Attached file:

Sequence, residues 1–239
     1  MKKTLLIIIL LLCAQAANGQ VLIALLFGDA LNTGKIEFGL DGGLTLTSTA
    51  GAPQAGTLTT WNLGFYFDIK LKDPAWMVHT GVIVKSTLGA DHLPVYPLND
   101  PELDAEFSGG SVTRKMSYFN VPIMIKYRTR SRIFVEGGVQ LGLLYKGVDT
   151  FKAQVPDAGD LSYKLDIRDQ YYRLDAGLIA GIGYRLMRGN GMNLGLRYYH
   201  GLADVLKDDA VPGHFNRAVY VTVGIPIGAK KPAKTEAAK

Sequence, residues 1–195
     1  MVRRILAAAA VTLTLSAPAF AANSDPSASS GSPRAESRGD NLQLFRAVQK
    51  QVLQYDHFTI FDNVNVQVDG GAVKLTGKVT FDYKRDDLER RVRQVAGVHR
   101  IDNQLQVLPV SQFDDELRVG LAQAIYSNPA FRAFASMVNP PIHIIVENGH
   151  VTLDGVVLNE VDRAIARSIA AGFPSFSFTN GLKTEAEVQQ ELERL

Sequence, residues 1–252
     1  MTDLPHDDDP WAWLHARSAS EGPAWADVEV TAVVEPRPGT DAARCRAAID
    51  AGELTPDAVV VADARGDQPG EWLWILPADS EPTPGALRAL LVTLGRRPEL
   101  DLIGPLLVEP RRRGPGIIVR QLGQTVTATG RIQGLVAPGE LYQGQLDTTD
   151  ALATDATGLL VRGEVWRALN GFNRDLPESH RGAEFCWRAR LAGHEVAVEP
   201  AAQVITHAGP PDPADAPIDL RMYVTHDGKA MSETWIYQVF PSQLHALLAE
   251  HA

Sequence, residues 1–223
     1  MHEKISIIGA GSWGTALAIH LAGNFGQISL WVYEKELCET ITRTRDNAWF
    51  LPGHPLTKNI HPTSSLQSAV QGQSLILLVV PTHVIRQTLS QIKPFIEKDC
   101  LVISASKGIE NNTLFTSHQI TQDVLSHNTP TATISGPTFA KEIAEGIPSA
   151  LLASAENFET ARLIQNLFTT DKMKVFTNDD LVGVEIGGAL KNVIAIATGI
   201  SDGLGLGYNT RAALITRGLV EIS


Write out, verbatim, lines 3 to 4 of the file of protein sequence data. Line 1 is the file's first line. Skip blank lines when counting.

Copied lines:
    51  GAPQAGTLTT WNLGFYFDIK LKDPAWMVHT GVIVKSTLGA DHLPVYPLND
   101  PELDAEFSGG SVTRKMSYFN VPIMIKYRTR SRIFVEGGVQ LGLLYKGVDT